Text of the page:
Lots of stories circulating this weekend about Trump flying into a rage over Jeff Sessions’s recusal, with Reince coming off as the main scapegoat. Why?
Back at the White House on Friday morning, Trump summoned his senior aides into the Oval Office, where he simmered with rage, according to several White House officials. He upbraided them over Sessions’s decision to recuse himself, believing that Sessions had succumbed to pressure from the media and other critics instead of fighting with the full defenses of the White House.
In a huff, Trump departed for Mar-a-Lago, taking with him from his inner circle only his daughter and Kushner, who is a White House senior adviser. His top two aides, Chief of Staff Reince Priebus and Bannon, stayed behind in Washington.
As reporters began to hear about the Oval Office meeting, Priebus interrupted his Friday afternoon schedule to dedicate more than an hour to calling reporters off the record to deny that the outburst had actually happened, according to a senior White House official.
Bannon ultimately flew down to Florida to have dinner with Trump and work with him on the new travel ban order. Reince … did not. The official story is that he had to stay behind to work on ObamaCare, but initially Priebus “was expected by some aides to go on this weekend’s trip to Florida.” Hmmmm. Fast-forward 48 hours and here was Politico dropping a splashy new story last night about how the “knives are out for Reince” in the West Wing. Among his many supposed sins: Being unable to run a tight shop for a guy who woke up on Saturday morning and decided to start tweeting, seemingly out of the blue, about how Barack Obama might have been tapping his phones during the campaign.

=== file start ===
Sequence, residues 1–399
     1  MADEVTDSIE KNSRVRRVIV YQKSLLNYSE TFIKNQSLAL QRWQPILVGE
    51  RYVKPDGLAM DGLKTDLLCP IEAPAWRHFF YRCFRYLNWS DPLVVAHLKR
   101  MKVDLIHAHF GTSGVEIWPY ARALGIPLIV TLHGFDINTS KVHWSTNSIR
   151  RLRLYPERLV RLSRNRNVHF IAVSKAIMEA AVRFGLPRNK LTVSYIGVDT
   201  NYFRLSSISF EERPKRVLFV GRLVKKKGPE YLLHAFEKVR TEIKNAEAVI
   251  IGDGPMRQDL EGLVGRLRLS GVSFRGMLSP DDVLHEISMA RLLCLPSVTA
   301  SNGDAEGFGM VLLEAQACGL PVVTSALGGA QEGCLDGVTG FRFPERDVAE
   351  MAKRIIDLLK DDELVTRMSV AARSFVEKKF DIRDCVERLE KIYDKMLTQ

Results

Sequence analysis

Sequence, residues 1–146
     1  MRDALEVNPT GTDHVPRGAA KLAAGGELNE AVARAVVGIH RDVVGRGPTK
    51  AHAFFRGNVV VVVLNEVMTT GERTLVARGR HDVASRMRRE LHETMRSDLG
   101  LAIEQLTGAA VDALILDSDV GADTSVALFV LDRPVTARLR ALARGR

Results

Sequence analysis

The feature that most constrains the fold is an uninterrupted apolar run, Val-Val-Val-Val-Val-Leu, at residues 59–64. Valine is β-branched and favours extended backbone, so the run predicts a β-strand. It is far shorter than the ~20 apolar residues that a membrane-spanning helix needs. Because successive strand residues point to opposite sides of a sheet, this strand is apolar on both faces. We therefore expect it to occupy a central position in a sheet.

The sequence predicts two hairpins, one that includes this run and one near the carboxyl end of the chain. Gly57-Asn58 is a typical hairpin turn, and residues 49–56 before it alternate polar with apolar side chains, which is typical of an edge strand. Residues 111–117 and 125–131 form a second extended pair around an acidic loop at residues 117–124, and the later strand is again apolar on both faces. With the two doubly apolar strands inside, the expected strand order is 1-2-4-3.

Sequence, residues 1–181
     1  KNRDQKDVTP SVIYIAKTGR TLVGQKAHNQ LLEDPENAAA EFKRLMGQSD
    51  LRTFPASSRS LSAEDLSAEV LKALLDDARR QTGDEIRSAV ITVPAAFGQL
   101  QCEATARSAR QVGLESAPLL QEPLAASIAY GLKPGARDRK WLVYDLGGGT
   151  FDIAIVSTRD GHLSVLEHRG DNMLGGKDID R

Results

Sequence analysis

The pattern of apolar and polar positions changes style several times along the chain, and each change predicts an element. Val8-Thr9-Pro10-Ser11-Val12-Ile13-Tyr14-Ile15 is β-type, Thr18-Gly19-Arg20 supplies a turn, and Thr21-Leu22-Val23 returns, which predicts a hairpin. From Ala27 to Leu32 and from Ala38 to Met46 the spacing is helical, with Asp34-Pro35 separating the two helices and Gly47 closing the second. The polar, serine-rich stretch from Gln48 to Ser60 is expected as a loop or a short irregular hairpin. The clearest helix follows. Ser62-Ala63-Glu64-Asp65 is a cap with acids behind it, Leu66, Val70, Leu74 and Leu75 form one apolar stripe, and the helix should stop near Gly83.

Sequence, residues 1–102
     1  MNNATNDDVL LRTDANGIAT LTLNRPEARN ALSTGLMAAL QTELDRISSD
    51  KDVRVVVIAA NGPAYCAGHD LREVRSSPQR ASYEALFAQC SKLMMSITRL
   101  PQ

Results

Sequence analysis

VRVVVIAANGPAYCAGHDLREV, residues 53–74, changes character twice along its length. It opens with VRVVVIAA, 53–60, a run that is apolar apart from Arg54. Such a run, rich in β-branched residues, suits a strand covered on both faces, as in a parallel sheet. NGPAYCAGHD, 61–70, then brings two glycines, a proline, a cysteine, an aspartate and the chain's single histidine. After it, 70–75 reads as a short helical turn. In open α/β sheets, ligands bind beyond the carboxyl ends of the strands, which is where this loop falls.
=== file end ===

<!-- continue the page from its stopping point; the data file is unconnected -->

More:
They described a micromanager who sprints from one West Wing meeting to another, inserting himself into conversations big and small and leaving many staffers with the impression that he’s trying to block their access to Trump. They vented about his determination to fill the administration with his political allies. And they expressed alarm at what they say are directionless morning staff meetings Priebus oversees that could otherwise be used to rigorously set the day’s agenda and counterbalance the president’s own unpredictability…
“There’s a real frustration among many — including from the president — that things aren’t going as smoothly as one had hoped,” said one senior administration official, who like others spoke on the condition of anonymity for fear of reprisal. “Reince, fairly or not, is likely to take the blame and take the fault for that.”…
Some contended that, in such a free-wheeling atmosphere, Priebus has struggled to provide structure. Several aides expressed unhappiness with the daily 8 a.m. senior staff meeting that he runs out of his office. With three flat-screen TVs usually on, the agenda is sometimes driven by that day’s news programs. The gatherings, which often last only 15 to 20 minutes, are typically organized round-robin style, with department heads giving 30-second updates on whatever it is they’re working on.